The objective of this project is to develop a cost-effective in-the-field test method for stationary and portable diesel and gasoline engines. Once approved, this method would be used to determine compliance with State and federal emission standards for newly manufactured off-road engines and, to a lesser extent, emission limits established by the Statewide Portable Equipment Registration Program. The targeted population includes engines from about 40 horsepower (hp) to more than 2000 hp, with the majority having a maximum rating of 250 hp or less. The development of a surrogate I/M-type test method to measure in-use emissions (NOx, PM10, CO and HC) that can be compared to the equipment manufacturer's emissions data and / or correlated to the applicable ISO 8178 certification test procedure is necessary. The method would allow assessment of emission reductions achieved through technology and emission limit requirements established by State and federal ambient air quality standards. As stationary and portable engines are tested with the newly developed method, ARB staff will be able to provide representative emissions estimates for the statewide emissions inventory and support for the recently approved diesel risk reduction plan.
Resolution No. 00-50 - "Improvements for Emissions Inventories for Industrial Coatings and Thinning and Cleanup Solvents," Pacific Environmental Services, $274,456
The ARB's existing inventories for industrial coatings and the solvents used for the thinning and cleanup of both industrial and architectural coatings are based on incomplete and obsolete data. This study will produce a new emissions inventory for these source classes. Surveys will be used to acquire the data, and the new inventories will be accompanied by speciation profiles for several categories of coatings and solvents. Emissions will be resolved on a two kilometer grid and adjusted according to the time of day and day of the week. An inventory updating methodology will also be developed.
Resolution No. 00-51 - "Oxygenated Organics in Gas and Fine Particle-Diesel Emissions for Source Apportionment," University of California, Davis, $249,999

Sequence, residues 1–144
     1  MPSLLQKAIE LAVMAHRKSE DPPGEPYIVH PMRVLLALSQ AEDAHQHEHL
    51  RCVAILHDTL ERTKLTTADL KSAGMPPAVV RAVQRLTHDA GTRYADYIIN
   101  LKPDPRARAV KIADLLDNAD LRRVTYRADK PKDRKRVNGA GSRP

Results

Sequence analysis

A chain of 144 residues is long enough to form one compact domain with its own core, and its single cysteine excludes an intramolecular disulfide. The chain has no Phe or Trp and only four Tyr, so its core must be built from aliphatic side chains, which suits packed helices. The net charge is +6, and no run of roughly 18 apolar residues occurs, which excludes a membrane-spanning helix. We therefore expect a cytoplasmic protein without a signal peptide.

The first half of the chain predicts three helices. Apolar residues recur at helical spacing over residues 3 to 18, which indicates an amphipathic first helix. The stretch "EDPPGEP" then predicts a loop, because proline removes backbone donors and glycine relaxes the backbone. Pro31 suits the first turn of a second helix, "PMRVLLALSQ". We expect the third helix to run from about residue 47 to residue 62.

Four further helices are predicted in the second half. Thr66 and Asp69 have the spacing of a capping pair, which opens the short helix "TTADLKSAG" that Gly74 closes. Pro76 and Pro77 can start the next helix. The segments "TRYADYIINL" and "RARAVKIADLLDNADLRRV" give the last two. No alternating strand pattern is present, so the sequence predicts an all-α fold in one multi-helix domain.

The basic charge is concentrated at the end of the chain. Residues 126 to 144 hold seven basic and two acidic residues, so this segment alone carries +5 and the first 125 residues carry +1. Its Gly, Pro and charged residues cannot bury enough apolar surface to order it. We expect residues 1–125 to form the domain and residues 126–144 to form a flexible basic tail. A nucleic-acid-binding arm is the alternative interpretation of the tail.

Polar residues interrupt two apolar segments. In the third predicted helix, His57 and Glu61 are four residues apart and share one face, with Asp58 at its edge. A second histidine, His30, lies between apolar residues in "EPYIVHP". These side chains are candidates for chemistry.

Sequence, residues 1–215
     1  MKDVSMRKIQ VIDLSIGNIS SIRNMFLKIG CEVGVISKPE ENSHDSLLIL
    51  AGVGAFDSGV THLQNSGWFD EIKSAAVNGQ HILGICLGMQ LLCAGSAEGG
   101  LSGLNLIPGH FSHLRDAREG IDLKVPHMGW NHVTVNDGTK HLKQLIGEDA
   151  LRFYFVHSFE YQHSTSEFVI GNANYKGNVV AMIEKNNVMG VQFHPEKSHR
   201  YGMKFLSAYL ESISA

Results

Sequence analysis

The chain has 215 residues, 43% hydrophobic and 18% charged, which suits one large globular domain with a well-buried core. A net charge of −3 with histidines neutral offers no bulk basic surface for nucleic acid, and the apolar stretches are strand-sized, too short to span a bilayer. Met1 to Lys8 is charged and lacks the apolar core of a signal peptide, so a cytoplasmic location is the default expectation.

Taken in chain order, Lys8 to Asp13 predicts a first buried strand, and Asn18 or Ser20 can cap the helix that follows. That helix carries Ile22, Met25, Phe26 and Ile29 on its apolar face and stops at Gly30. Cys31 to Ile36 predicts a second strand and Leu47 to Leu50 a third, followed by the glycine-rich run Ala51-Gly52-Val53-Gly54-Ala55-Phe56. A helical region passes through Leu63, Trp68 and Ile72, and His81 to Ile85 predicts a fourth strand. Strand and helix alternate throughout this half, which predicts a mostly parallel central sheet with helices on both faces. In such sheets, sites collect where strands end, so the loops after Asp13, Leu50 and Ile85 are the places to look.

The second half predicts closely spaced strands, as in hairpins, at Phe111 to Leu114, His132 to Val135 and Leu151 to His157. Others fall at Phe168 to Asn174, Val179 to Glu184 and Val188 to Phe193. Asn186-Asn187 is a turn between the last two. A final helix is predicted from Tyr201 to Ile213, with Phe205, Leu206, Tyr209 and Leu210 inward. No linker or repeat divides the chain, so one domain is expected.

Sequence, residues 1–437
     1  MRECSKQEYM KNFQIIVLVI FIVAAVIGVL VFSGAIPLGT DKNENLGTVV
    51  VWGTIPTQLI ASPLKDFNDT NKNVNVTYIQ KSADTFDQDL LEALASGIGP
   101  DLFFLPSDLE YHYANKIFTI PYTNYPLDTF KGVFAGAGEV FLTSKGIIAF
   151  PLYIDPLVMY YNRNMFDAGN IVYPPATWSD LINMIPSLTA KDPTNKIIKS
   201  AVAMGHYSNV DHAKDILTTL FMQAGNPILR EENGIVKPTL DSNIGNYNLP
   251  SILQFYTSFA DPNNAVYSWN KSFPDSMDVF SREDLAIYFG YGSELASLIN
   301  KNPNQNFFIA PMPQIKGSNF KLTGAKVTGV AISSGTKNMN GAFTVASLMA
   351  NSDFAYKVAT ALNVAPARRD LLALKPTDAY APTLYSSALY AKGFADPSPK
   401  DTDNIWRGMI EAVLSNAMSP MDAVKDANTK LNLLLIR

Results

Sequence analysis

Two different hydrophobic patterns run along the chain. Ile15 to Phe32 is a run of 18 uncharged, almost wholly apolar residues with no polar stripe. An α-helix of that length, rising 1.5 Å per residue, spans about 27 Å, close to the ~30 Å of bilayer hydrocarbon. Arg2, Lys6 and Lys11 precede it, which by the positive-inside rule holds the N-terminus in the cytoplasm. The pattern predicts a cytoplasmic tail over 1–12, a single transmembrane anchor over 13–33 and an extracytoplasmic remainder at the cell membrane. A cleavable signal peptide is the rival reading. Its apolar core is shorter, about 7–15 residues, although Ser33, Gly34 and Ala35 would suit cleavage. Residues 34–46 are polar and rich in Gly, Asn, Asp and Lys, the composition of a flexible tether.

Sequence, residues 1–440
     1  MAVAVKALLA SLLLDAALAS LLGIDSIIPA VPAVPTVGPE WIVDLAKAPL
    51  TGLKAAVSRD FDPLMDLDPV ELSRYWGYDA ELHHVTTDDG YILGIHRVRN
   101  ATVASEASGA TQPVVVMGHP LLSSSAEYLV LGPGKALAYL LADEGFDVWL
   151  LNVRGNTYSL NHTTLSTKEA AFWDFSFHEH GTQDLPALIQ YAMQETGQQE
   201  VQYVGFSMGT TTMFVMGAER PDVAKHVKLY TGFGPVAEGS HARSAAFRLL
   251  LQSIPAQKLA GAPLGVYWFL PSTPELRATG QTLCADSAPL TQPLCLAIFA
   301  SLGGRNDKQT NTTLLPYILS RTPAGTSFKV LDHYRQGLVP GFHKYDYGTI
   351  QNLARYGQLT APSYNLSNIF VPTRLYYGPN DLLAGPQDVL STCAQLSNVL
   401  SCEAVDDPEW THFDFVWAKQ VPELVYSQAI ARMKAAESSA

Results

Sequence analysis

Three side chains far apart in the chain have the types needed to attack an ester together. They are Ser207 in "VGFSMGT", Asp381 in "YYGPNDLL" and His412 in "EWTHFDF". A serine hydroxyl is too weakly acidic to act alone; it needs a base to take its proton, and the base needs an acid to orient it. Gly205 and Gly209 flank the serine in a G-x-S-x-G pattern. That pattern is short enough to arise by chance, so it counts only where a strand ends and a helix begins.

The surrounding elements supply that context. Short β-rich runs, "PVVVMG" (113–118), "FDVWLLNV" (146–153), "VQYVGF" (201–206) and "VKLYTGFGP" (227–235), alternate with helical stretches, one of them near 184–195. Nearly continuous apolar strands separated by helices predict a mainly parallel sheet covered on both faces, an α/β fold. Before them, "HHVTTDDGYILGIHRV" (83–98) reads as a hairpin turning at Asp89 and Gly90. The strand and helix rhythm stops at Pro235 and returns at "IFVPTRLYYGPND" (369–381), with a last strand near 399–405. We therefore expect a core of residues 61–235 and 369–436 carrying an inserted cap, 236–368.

Both gas-phase and particle emissions from diesel engines are significant contributors to California's air pollution. Dynamometer studies have provided some information about the chemical composition of diesel emissions. However, the dilution techniques used in dynamometer studies affect the particle size and mass and the load or test cycle can affect the chemical composition of the emissions. For these reasons, characterization of 'real world' diesel emissions is urgently needed. In addition, preliminary data indicate that some oxygenated organic compounds may be unique components of diesel exhaust. Therefore, research is also needed to assess whether specific chemicals or signature patterns of chemicals can serve as tracers of diesel emissions for source apportionment. This project will develop and test a sampling method to measure carbonyls, multifunctional carbonyls and carboxylic acids in both the gas phase and PM2.5. This method will then be used to sample emissions in the heavy- and light-duty bores of the Caldecott tunnel and test diesel engines at the ARB Heavy-Duty Emissions Testing Laboratory. The results will provide insights into the gas and fine particulate matter distribution of these pollutants in 'real world' emissions. They will also verify whether oxygenated organic compounds may serve as tracers for source apportionment of diesel exhaust.
Resolution No. 00-52 - "Demonstration of Ozone Impacts on Crop Species in the San Joaquin Valley: Open Top Chambers at Kearny Agricultural Center," University of California, Riverside, $145,301
The objective of this proposed demonstration project is to establish an eight-unit crop-plant / air pollution exposure exhibit at the Kearney Agricultural Center (KAC) in Parlier. Open top field chambers, the same type used in State and federal crop loss assessment programs, will be used to demonstrate the effects of ambient ozone to the thousands of visitors that tour the KAC each year. The exhibit will be operated for three years, using potted plants in Year 1 and plants grown in the ground in Years 2 and 3. Printed materials about the effects of air pollution on crops will be developed for target audiences (e.g., school children) in conjunction with a website for broad-scale dissemination of plant effects information and other research findings. This project would serve to increase public awareness of the effects air pollution has on plants and the need to support measures aimed at attaining State and federal ambient air quality standards to protect human health and welfare.